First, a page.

Government has touted savings from locking in long-term financing early in pandemic.
Canada's debt service costs jumped 44% in the first two months of the fiscal year that started in April, taking CAD1.7 billion off the windfall from relaxed Covid restrictions that swung the budget balance to a CAD5.3 billion surplus from a CAD23.8 billion deficit.
Federal government revenue climbed 20% or by CAD12.1 billion in April and May from the prior period in a broad-based gain, the Finance Department's monthly Fiscal Monitor report showed Friday. Program expenses fell 23% or by CAD17.9 billion.
"Results continue to improve compared to the peak of the COVID-19 crisis and the unprecedented level of temporary COVID-19 response measures at the time," the department's report said.
Higher borrowing costs were driven by adjustments on real-return bonds and higher interest rates. The Bank of Canada hiked 25bps in March and 50bps in April, and kept going after May with another 50bps in June and 100bps earlier this month.
Canada still benefits from a triple-A credit rating and relatively low market rates. Ten-year government bonds yielded 2.6% Friday morning in Toronto, though that's up from near record lows around 1.1% about a year ago.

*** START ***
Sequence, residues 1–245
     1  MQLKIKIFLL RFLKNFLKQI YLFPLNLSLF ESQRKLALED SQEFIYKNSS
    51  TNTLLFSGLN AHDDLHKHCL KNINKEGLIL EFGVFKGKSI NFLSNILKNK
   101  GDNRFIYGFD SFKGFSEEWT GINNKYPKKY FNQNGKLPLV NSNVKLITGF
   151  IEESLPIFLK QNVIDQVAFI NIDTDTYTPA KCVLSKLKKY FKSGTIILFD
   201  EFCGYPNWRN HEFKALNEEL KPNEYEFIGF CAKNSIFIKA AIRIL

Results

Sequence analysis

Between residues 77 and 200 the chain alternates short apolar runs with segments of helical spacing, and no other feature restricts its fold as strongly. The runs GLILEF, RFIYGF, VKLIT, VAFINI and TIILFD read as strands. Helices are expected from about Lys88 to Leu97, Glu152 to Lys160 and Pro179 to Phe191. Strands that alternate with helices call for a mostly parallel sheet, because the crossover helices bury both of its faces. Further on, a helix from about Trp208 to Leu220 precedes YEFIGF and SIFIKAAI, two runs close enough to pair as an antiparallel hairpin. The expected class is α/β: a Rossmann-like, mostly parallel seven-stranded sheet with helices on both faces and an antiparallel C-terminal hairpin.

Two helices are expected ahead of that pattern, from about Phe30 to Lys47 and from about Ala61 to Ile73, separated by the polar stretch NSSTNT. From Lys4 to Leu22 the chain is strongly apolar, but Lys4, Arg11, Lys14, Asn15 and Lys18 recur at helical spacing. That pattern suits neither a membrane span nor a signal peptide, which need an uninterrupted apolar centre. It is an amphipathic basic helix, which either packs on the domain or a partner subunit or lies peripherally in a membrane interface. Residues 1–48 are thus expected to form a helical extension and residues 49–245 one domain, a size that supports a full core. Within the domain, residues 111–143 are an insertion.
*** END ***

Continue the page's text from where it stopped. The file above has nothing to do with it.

The government is also sitting on CAD104 billion of cash, though nearly half of that could be used to pay out a major legal settlement over the next few years.
Finance Minister Chrystia Freeland presented a budget April 7, spending more than half the windfall from the economic rebound. Former top federal cabinet adviser Kevin Lynch told MNI that fiscal policy should be tightened as fast extra deficit spending was introduced when Covid hit to give the public a clear message inflation will remain under control. (See: MNI: Canada Should End Stimulus Symmetrically- Ex Cabinet Czar)
The budget projected a CAD52.8 billion deficit for the fiscal year that opened April 1, equal to 2% of GDP, and shortfalls through the projection period ending in 2026-27. Federal debt as a percentage of GDP, the lone "fiscal anchor" the government has stuck to since taking power in 2015, declines from 45.1% to 41.5% over this time, remaining above the pre-Covid level of 31.2%.